Decellularization Produces Partially Functional Kidneys in Rats

Decellularization is the process of taking donor tissue, such as a complete organ, stripping out its cells to leave the extracellular matrix structure, and then repopulating that structure with another individual's cells to reform a functional organ. This produces donor tissue that will not be rejected by a transplant recipient, and has been successfully used in a few human transplants of less complicated tissue structures such as the trachea.

This technology is an important stepping stone on the way towards organs created from scratch; it works around the present inability to build a sufficiently detailed and functional framework for complex tissue. The extracellular matrix from existing tissue provides chemical cues and other necessary items that allow cells to correctly form the many intricate structures, such as blood vessel networks, needed for a fully functional organ.

In the laboratory, a number of complete animal organs have been successfully decellularized and transplanted - and kidneys are now included in that list, albeit only partially functional kidneys, a starting point for better results in years ahead:

[Researchers have] engineered functional rat kidneys by stripping donor kidneys of their cells and then repopulating the remaining collagen substructures with new cells. The bioengineered kidneys produced urine in laboratory dishes and when implanted in living animals. The advance could be good news for the 100,000 Americans waiting for donor kidneys for transplant, because it suggests that someday scientists might be able to grow custom-made kidneys for people, using a patient's own cells to seed tissues.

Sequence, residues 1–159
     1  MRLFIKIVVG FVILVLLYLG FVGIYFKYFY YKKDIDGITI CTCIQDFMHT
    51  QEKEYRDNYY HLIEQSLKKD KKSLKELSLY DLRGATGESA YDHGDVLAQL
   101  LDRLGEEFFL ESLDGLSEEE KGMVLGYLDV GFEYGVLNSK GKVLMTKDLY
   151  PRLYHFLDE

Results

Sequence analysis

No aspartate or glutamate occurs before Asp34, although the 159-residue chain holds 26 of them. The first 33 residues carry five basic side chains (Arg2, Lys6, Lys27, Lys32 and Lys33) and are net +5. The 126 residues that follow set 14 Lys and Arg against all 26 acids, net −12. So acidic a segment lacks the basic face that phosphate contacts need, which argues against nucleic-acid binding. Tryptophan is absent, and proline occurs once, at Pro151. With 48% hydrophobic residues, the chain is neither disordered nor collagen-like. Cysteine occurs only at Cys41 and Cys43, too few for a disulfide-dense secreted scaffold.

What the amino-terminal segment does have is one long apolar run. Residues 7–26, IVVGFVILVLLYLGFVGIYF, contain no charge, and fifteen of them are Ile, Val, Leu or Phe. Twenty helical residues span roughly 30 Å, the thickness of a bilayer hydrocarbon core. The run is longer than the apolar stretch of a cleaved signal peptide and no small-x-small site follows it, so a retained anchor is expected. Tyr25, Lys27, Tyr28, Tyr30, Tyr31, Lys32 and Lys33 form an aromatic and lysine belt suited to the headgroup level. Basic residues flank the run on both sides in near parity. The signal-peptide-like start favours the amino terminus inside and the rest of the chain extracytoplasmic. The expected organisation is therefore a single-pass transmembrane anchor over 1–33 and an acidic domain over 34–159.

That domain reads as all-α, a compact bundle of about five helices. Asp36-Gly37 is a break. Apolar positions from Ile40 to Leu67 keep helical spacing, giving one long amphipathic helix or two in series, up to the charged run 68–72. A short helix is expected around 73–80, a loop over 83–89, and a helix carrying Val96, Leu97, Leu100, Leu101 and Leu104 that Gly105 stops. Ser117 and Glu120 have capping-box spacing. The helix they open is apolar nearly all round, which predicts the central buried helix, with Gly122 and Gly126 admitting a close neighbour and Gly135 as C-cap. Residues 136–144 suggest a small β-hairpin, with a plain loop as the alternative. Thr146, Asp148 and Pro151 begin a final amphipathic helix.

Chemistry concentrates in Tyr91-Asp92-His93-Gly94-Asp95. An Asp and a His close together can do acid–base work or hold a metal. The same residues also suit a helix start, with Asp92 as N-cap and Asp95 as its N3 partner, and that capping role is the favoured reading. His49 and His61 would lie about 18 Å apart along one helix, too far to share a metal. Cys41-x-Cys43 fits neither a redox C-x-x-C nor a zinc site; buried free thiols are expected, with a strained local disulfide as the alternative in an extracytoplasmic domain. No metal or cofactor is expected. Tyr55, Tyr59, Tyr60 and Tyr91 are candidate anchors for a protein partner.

The process at the center of his team's approach is called "decellularization." In a carefully calibrated process, researchers removed a kidney from a cadaver and then introduced a series of washing agents into its vascular system to remove the organ's cells. [Then] they introduced immature cells that could form kidney tissues and blood vessels into the acellular scaffold.

After a short time, the new kidneys could produce urine. They didn't work as well as normal, healthy kidneys would - in the laboratory dish, they cleared creatinine (a blood component filtered by the kidneys) 23% as well as a native kidney; once implanted in animals, about 5% to 10% as well. But "the bottom line is, we saw urine production."



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